It’s no secret that Obama and crew don’t like the military. Over the years, the political class generally and the Obama class specifically have worked hard to clip the American military’s wings. Some of these efforts have been direct attacks on the military’s function and structure. The most recently attack, though, is more subtle and, perhaps, more dangerous insofar as it seeks to redefine the military out of existence.
The most obvious of the direct attacks — and one that started during the Bush era — is rules of engagement so stringent that our troops are often prevented from fighting an enemy squaring off right before their eyes. These ROE’s put our troops at terrible risk because they don’t even get to shoot when they see the white’s of the enemy’s eyes but have to wait, instead, until they see the puff of smoke coming from the enemy’s gun muzzle.
In recent years, the Obama administration has piled on the military in additional ways. It’s been trying hard to stifle religious expression in an institution that sees volunteers confront death as a part of their job. It has insisted on putting women in front line jobs, even though doing so means lowering standards in a way that endangers everyone. Most recently, it’s been pushing to allow transgenders to serve, despite the fact that transgendered individuals are (a) expensive luxuries because of the hormones they must take to maintain their chosen sex and (b) emotionally very vulnerable because hormones and plastic surgery often do not touch the much deeper issues that go with gender confusion (with Exhibit A being Bradley Manning).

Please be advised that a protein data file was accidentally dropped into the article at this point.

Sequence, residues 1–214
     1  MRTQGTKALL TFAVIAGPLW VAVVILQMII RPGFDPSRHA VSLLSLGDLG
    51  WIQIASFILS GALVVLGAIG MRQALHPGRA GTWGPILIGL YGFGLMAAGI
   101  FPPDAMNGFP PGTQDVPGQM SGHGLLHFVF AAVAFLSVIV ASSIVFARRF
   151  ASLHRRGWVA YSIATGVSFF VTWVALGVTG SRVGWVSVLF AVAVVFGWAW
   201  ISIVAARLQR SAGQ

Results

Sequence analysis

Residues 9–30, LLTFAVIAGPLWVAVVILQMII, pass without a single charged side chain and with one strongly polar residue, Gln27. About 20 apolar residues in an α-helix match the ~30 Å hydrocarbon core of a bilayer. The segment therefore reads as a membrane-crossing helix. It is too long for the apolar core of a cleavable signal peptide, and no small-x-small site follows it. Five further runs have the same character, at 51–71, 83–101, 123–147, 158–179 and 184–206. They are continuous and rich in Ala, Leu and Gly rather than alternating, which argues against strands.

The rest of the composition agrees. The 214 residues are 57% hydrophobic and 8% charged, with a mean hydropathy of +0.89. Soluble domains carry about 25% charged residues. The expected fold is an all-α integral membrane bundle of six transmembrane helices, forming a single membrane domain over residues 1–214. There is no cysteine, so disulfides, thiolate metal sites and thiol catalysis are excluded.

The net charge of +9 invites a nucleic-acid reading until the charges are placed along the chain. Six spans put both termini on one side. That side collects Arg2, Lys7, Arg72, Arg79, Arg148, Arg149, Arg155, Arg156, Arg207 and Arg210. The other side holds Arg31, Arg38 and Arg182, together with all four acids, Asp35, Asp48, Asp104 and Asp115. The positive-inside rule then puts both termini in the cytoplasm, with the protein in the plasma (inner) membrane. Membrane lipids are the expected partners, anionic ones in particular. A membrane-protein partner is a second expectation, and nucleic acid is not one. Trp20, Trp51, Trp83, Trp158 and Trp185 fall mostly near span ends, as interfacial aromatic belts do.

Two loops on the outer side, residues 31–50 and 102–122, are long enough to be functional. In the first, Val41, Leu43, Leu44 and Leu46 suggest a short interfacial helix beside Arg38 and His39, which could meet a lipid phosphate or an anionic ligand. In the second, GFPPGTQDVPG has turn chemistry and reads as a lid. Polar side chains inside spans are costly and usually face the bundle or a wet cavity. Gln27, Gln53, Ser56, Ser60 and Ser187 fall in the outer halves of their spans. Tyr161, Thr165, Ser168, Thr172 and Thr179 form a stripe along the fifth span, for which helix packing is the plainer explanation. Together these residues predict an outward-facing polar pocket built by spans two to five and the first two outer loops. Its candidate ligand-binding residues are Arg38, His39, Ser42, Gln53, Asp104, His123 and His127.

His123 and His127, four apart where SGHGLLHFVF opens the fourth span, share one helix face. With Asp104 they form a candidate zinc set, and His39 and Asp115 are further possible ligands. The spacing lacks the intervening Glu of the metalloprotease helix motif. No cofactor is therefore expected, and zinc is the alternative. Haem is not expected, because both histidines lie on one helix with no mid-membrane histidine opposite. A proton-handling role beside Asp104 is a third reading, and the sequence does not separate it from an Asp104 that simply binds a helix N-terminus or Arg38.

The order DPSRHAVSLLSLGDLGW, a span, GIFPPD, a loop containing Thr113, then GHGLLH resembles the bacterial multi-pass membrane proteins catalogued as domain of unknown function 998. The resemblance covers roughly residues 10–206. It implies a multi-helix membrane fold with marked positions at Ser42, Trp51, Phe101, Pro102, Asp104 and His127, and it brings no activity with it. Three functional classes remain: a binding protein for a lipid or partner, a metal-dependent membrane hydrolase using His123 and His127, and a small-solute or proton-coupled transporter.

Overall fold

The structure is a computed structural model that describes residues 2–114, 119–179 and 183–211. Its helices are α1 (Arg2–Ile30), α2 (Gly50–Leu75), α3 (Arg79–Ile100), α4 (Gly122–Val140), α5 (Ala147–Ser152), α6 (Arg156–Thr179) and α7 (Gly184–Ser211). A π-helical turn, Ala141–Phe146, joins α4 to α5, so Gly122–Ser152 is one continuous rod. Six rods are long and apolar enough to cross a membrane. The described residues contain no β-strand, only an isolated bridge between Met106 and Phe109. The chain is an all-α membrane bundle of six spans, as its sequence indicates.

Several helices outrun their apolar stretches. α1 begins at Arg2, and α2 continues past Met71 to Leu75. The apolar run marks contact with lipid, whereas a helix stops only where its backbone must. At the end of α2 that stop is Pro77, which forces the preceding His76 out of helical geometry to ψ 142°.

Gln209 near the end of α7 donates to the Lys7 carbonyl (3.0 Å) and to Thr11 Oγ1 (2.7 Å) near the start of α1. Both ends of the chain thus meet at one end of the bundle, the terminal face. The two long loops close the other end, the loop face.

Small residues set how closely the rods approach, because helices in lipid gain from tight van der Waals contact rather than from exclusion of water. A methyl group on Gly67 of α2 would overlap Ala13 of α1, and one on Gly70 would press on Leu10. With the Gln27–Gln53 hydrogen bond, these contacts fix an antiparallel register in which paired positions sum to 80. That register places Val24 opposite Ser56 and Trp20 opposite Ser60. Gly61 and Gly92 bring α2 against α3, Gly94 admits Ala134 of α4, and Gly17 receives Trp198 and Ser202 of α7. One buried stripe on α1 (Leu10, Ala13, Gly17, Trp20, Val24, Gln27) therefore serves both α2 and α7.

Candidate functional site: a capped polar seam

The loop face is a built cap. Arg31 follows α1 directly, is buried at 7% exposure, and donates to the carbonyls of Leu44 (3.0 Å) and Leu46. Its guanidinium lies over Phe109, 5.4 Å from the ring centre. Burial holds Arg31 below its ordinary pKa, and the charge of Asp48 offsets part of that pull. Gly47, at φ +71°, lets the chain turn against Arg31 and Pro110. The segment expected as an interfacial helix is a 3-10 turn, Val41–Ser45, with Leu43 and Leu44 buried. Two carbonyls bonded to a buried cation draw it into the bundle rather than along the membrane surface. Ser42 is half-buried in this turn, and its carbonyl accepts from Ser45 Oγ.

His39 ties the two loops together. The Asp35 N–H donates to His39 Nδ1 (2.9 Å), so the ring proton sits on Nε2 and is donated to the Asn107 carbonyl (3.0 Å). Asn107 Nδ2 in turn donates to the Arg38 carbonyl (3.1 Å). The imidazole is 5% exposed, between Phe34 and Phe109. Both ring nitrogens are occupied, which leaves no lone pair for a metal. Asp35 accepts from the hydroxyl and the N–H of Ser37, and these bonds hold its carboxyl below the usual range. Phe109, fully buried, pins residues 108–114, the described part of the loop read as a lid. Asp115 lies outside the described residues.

Additionally, of offensively, when military personnel have been attacked and murdered by Muslims shouting “Allahu Akbar,” the administration has insisted that these attacks are just another example of unexciting “workplace violence.” Doing so denies the military the opportunity to use a military response to deal with and prevent such attacks.
In many ways, though, it’s the least obvious line of attack that is the most pernicious of all, because it seeks to completely re-define the military as something other than a . . . well, a military. Instead, there’s an attempted paradigm shift aimed at turning the US military into a taxpayer-funded version of the Red Cross.